Who's Tracking Potentially Dangerous Individuals?

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By Ashley Thompson

The Dale County hostage situation made Jimmy Lee Dykes enemy number one for many people. Neighbors described his behavior as odd and anti-social and some are wondering if maybe he should have been monitored by authorities.

Investigator John Lee of the Prattville Police Department says while his department does not watch specific groups, they will temporarily monitor certain individuals based on leads received.

"We do get tips from the public that gives us a reason to interview somebody and dig a little deeper, check into their history and see what they're up to," he says.

While law enforcement and watch-dog agencies are two separate entities, Mark Potok of the Southern Poverty Law Center says the two groups often work together to track down potentially dangerous people.

"We work quite a lot with law enforcement in the sense that we train law enforcement officers, police officers, sheriffs deputies, federal agents and so on," he explains.

Potok says the SPLC tracks particular groups from the radical right. But says they will not always follow up on every tip received from the public.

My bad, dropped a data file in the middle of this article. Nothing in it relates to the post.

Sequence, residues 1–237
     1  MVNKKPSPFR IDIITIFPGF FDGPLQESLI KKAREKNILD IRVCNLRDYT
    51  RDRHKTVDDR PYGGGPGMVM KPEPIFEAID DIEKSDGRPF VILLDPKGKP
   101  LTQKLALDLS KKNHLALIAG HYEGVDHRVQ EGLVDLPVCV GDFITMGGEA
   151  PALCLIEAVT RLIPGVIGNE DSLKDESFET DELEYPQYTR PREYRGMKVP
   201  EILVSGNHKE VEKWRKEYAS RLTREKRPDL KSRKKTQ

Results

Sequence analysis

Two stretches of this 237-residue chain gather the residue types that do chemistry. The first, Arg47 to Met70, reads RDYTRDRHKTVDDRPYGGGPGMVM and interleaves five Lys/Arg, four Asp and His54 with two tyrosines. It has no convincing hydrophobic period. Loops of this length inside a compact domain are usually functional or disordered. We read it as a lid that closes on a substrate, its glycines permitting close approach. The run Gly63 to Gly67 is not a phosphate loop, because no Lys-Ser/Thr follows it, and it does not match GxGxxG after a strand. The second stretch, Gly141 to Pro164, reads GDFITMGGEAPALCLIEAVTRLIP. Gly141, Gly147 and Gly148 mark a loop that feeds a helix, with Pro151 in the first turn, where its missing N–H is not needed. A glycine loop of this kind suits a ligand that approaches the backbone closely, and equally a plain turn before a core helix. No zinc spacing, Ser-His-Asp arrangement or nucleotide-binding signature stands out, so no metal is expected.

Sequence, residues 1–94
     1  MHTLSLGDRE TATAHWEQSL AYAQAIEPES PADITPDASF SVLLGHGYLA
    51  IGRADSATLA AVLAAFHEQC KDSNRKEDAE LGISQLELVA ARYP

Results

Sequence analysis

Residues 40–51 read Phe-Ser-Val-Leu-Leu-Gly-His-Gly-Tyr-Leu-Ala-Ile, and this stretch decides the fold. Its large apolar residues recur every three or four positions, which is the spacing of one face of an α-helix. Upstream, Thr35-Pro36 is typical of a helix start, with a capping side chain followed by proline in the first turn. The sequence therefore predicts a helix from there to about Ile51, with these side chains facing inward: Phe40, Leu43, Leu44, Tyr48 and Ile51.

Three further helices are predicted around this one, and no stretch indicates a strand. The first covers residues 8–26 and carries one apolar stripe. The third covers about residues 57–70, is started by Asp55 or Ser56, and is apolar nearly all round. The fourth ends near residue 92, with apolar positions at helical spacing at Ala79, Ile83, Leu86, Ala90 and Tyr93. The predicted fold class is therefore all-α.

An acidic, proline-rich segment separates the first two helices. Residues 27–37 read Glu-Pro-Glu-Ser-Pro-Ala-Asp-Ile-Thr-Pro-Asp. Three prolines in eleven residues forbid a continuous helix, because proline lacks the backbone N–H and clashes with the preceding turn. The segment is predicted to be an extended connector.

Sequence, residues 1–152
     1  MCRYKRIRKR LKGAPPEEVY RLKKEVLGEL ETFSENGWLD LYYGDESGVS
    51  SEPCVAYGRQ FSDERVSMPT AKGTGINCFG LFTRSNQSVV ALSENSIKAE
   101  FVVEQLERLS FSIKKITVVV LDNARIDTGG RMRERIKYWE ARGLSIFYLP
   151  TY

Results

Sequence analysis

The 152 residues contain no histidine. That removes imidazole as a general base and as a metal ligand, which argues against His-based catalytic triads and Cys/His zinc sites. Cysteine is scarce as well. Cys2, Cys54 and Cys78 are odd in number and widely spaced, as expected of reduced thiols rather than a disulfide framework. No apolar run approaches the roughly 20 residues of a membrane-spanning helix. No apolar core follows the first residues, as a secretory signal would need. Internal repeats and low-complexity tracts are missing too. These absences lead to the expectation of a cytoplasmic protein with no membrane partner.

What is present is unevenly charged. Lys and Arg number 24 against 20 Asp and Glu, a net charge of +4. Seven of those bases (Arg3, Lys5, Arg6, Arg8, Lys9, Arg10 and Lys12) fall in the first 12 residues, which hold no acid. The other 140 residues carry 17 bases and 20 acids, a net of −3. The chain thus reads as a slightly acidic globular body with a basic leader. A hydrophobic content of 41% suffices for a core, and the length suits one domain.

"People call us with tips of various kinds. We're not the police. We don't go around and spy on somebody because their neighbor doesn't like them or that kind of thing. It's not just any old kind of unpleasant person or person we don't like or somebody else doesn't like. We're looking at people who are politically a part of the extreme right," he says.

Both law enforcement and the SPLC want to control people who may be a threat to those around them.

"Depending on what we find or depending on what the information is that we get, it can be passed on to investigators pertaining to whatever it is their complaint is so they can check on it," says Lee.

"Our goal is to weaken and destroy the extreme right if that's possible," says Potok. "We're not suggesting remotely that people be thrown into prison because they have obnoxious views. That's obviously completely unconstitutional."

The Southern Poverty Law Center has been successful in weakening many alleged hate groups by suing them which in turn bankrupts them.

If you have information or tips on a potentially dangerous individual, you are encouraged to call your local police department.



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